Thursday, July 21, 2016
When we think of where watercress grows, babbling brooks and country streams springs to mind. The main requirement for watercress is a damp environment. So how many of you have thought I can't grow it at home? I know for a while I did. But now I have discovered that you don't need a pond in or a stream running through your backyard in order to grow this peppery delight.
First decide on the type of watercress that you want to grow, I'm growing a large leaf variety which has a mild peppery taste. Then fill a pot with good seed sowing mix.
I sowed my seeds of watercress at the end of autumn. I chose to use a terra-cotta pot as these clay pots are porous and so allow good air circulation for the roots. Sprinkle the seed in sparsely in order to give the developing seedlings room for growth and sift over a light covering of soil. Water your pot carefully so as not to disturbed the seeds. (Just a tip, if you are going to use clay pots, soak them in water first, that way they will not suck all the water out of your soil.)
Then I stood the pot in a small saucer of water and placed it in my greenhouse. From then on I kept the water topped up in the saucer. It wasn't long before my seedlings appeared. If you don't have a greenhouse, then a plastic propagator tray and lid will do just fine. Just position it in a warm spot.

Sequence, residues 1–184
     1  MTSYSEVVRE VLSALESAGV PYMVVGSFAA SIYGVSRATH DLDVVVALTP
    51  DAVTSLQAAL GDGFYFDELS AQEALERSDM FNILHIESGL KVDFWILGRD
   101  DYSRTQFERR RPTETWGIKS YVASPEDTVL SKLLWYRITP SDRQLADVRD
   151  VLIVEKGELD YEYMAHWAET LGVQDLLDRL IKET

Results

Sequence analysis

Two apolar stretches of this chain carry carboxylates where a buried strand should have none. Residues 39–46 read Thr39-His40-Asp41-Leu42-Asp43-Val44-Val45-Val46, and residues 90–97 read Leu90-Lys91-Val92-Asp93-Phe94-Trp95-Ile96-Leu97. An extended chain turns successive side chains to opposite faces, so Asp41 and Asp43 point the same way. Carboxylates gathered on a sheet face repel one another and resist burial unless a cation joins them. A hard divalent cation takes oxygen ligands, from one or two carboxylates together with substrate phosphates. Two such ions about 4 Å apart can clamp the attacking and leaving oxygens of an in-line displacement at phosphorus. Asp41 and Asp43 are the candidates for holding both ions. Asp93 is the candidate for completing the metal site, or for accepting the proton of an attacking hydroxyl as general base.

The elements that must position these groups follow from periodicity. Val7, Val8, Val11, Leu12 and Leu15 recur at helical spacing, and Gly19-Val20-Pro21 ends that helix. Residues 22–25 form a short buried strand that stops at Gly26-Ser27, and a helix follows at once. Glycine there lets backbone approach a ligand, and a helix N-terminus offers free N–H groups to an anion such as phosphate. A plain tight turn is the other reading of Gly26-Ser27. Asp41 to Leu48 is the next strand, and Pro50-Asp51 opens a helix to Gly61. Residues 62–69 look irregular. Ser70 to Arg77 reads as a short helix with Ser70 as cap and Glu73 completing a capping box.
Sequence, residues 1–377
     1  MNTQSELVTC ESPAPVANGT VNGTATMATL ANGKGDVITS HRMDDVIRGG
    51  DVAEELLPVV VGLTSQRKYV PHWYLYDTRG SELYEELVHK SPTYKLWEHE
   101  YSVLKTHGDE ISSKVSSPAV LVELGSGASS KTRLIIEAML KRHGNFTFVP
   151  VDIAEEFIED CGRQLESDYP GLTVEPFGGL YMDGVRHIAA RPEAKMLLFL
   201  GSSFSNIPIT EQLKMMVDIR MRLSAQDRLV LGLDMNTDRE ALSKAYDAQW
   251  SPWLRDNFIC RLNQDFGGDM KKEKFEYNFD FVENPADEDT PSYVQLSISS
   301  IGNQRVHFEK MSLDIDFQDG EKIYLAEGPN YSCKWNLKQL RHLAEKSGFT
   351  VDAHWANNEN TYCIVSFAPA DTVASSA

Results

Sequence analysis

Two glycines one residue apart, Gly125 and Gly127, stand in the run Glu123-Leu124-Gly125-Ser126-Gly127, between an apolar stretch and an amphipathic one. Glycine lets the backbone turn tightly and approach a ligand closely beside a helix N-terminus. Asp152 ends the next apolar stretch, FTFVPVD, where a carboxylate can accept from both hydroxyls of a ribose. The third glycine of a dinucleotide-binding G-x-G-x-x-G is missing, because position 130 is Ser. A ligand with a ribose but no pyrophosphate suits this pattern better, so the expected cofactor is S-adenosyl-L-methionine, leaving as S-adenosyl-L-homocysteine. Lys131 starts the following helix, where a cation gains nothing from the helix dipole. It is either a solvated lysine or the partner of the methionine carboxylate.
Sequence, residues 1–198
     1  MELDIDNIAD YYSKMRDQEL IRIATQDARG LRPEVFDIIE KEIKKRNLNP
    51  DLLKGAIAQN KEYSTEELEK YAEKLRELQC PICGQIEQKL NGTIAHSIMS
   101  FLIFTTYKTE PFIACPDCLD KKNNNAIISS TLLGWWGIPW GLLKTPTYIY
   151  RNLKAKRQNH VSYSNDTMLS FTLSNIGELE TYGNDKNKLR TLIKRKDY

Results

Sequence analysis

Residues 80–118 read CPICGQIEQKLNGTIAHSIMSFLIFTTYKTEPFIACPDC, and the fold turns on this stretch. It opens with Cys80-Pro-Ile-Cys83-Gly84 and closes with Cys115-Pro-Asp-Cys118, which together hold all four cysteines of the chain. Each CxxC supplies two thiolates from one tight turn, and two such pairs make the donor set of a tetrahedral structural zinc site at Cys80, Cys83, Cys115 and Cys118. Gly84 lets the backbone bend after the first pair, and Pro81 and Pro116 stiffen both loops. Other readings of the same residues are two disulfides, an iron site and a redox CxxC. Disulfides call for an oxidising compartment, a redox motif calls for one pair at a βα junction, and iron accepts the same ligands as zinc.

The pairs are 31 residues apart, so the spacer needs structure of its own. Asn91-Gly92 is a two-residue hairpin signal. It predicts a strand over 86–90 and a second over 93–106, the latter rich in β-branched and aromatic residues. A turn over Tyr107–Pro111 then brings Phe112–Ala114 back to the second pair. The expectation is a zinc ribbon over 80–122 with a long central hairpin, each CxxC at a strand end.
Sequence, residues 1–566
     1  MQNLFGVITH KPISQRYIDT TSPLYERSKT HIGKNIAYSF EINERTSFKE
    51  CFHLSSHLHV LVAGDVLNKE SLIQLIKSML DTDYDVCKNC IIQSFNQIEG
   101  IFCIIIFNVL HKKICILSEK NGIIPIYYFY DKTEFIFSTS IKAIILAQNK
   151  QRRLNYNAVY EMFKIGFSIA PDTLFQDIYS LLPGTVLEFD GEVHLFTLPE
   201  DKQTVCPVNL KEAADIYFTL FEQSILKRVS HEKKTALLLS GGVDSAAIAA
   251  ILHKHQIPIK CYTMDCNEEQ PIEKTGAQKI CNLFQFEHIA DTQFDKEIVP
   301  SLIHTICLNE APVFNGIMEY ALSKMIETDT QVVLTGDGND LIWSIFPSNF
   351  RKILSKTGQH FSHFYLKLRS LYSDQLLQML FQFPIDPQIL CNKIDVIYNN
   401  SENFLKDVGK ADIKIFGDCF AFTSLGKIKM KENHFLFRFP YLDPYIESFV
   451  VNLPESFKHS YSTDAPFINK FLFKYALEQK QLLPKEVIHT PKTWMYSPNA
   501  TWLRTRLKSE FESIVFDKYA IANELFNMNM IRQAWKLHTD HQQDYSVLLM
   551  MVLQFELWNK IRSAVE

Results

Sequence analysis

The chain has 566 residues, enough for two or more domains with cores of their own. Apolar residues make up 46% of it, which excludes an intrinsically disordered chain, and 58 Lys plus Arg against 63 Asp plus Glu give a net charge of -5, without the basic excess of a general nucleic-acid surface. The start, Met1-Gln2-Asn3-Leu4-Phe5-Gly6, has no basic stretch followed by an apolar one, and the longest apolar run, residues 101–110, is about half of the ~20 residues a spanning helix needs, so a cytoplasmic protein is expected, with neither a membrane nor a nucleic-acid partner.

I allowed these seedlings to grow on, making sure that their water supply never ran out and when they reached a reasonable size, I potted them on into their final growing pot, using premium potting mix and again a clay pot.
At this point I moved them out of my
greenhouse and put them in a sheltered spot outside to harden off, before moving them to their winter growing position. Remember to keep the saucer full of water.
I left them in this hardening off position for about three weeks before choosing a spot where they get the winter sunshine. Watercress can tolerate the winter sunshine but in summer you need to find them a shadier spot where the harsher sunshine does not burn their leaves.
That's all there is to growing it at home. Just remember to keep their saucer full of water and to pick the leaves when they are young and tender, but don't forget to not strip the plant so that it can make new tasty growth.
Follow these simple instructions and you too will be picking your own tasty watercress for salads and sandwiches. - Happy Gardening!
All photographs shown in this post are my own.